Three new Home’s hinge-back tortoises recently made their debut at the Reptile Discovery Center! Get the scoop on these totally awesome tortoises from animal keeper Sara Hasenstab.
What makes hinge-back tortoises unique?
Their shells! The carapace—the top part of the shell—has a hinge that allows the tortoise to close itself completely into its shell for protection. This feature also comes in handy when it is time for a female to open her shell and lay her eggs, which are relatively large. Another unique characteristic of the shell is its shape, which slopes downward towards the tortoise’s head and helps funnel water towards its mouth.
What do they eat?
These tortoises can be picky eaters! Of all the terrestrial chelonians, Home’s hinge-back tortoises are the most carnivorous. Most of their diet in the wild consists of invertebrates, mushrooms and fruit. That is very different from other tortoises, which mostly eat grasses and other greens.
At the Zoo, they receive a 50-50 ratio of plant and animal matter to eat. On any given day, keepers will rotate between foods high in protein, including earthworms, mealworms, crickets, snails and fish. We also offer them a salad mix made up of greens, vegetables, fruits, mushrooms and a supplement specifically made for tortoises.
If we gave them all of their food options at once, they would only eat their favorite items and leave the rest! To ensure they are getting a balanced diet, we spread out the items they receive. We dish out salads on Monday, Wednesday and Friday mornings. Invertebrate prey is typically fed out in the late afternoon, but the day of the week and time are at keepers’ discretion.
How do they spend their day?
In the heat of the day, hinge-back tortoises will burrow under leaf litter on the forest floor to stay cool. We provide them with plants, logs, magnolia leaves and other natural enrichment so that they have the option of exhibiting that behavior. They will occasionally come out for a soak in their pool, too.
Does the Zoo plan to breed them?
Eventually, yes! These animals came to the Zoo from the Turtle Survival Alliance in South Carolina to participate in the Species Survival Plan. All are around 4 years old. Tortoises take a long time to become sexually mature, so we are quite a few years away from any breeding attempts.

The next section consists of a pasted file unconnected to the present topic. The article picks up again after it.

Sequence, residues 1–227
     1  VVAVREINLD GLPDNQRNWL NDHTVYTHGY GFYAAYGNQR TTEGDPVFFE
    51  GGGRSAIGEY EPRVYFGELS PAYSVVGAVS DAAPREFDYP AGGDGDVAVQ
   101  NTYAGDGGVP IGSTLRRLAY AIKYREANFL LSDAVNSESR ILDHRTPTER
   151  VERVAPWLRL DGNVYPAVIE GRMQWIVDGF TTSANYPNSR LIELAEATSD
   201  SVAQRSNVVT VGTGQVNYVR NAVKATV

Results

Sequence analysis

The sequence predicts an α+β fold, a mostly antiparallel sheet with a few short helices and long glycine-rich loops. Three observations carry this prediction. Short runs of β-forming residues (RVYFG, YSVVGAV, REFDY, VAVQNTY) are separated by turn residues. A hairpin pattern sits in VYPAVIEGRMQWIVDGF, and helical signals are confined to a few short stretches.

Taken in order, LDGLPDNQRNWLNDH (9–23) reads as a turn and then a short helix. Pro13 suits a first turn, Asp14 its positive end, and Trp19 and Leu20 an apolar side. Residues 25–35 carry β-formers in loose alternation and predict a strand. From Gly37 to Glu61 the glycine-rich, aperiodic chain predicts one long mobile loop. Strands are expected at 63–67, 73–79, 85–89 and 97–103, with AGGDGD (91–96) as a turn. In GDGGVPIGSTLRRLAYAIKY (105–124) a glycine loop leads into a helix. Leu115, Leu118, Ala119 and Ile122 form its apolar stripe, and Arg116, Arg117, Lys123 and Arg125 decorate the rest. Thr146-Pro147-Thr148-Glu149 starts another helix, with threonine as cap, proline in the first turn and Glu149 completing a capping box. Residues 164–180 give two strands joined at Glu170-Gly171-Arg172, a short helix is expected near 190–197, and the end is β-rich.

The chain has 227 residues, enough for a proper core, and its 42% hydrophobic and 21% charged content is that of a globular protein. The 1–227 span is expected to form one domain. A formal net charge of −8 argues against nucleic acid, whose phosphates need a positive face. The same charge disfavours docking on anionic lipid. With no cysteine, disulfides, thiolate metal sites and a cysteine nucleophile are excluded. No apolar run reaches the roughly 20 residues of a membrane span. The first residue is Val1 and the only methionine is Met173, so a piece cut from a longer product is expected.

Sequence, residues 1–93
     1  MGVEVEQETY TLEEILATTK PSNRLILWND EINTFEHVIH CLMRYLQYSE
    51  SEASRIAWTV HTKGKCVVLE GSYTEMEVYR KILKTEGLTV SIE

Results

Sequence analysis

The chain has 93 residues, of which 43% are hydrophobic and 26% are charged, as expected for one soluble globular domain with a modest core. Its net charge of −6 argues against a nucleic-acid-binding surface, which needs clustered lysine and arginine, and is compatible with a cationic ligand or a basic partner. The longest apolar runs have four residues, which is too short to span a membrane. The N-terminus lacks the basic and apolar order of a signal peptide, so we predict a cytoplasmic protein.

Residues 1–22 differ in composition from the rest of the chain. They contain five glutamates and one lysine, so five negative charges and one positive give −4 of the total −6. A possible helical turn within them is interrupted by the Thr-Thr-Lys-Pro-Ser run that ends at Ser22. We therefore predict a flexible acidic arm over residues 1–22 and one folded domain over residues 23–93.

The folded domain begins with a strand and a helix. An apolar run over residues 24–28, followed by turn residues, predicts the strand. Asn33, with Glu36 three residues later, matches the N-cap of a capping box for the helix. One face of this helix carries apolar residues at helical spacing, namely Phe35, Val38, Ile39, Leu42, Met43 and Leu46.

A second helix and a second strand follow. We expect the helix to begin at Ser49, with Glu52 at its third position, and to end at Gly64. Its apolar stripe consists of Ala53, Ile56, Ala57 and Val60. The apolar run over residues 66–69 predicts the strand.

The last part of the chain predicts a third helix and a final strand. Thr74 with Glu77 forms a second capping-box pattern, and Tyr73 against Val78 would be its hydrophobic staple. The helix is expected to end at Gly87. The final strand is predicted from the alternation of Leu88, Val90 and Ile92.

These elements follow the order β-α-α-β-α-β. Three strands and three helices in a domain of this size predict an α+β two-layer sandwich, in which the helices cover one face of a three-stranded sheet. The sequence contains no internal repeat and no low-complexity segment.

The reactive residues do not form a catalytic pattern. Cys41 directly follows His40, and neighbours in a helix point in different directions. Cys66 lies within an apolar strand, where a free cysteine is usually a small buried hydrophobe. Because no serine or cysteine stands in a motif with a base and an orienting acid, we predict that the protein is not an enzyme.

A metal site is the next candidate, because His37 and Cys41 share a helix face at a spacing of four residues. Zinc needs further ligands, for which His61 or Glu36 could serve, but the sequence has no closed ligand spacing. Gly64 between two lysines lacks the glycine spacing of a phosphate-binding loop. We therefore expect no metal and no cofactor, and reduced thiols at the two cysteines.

What threats do they face in the wild?
Home’s hinge-back tortoises live along the West Coast of Africa, from the Republic of Côte d'Ivoire to the Democratic Republic of the Congo. They are considered vulnerable to extinction due to deforestation for agricultural and industrial expansion, hunting and collection for the pet trade.
Got any tips for visiting them?
The hinge-back tortoise exhibit is located about halfway between the entrance and the gharial exhibit, on the right-hand side. (They are neighbors with the green-crested basilisk.)
Since they are acclimating to their new home, our tortoises are still a bit shy. If you are planning to come see them, you will have the best chance for success early in the morning when they are eating their breakfast salads. They tend to be active in the early evening, too, so visitors who stop by the Reptile Discovery Center later in the day may be able to see them up and about.
How can I help hinge-back tortoises?
Come visit them at the Smithsonian’s National Zoo! A large part of why these animals are here as ambassadors for their species is to help visitors make that connection and inspire them to want to help their counterparts in the wild.
One thing everyone can do to protect tortoises and other reptiles is to shop smart—avoid buying wild-caught pets or products made from animals, which could support poaching and the illegal wildlife trade.
This story appears in the August 2019 issue of National Zoo News. Don’t miss animal encounters at the Reptile Discovery Center at 11 a.m. and 3 p.m. daily.